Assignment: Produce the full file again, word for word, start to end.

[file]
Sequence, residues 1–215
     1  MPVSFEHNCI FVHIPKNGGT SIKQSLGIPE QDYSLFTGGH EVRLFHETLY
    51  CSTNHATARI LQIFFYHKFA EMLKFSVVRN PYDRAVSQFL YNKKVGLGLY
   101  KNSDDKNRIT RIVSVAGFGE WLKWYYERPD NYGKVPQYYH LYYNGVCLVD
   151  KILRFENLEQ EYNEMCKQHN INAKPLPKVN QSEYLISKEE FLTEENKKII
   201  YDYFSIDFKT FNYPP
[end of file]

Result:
Sequence, residues 1–215
     1  MPVSFEHNCI FVHIPKNGGT SIKQSLGIPE QDYSLFTGGH EVRLFHETLY
    51  CSTNHATARI LQIFFYHKFA EMLKFSVVRN PYDRAVSQFL YNKKVGLGLY
   101  KNSDDKNRIT RIVSVAGFGE WLKWYYERPD NYGKVPQYYH LYYNGVCLVD
   151  KILRFENLEQ EYNEMCKQHN INAKPLPKVN QSEYLISKEE FLTEENKKII
   201  YDYFSIDFKT FNYPP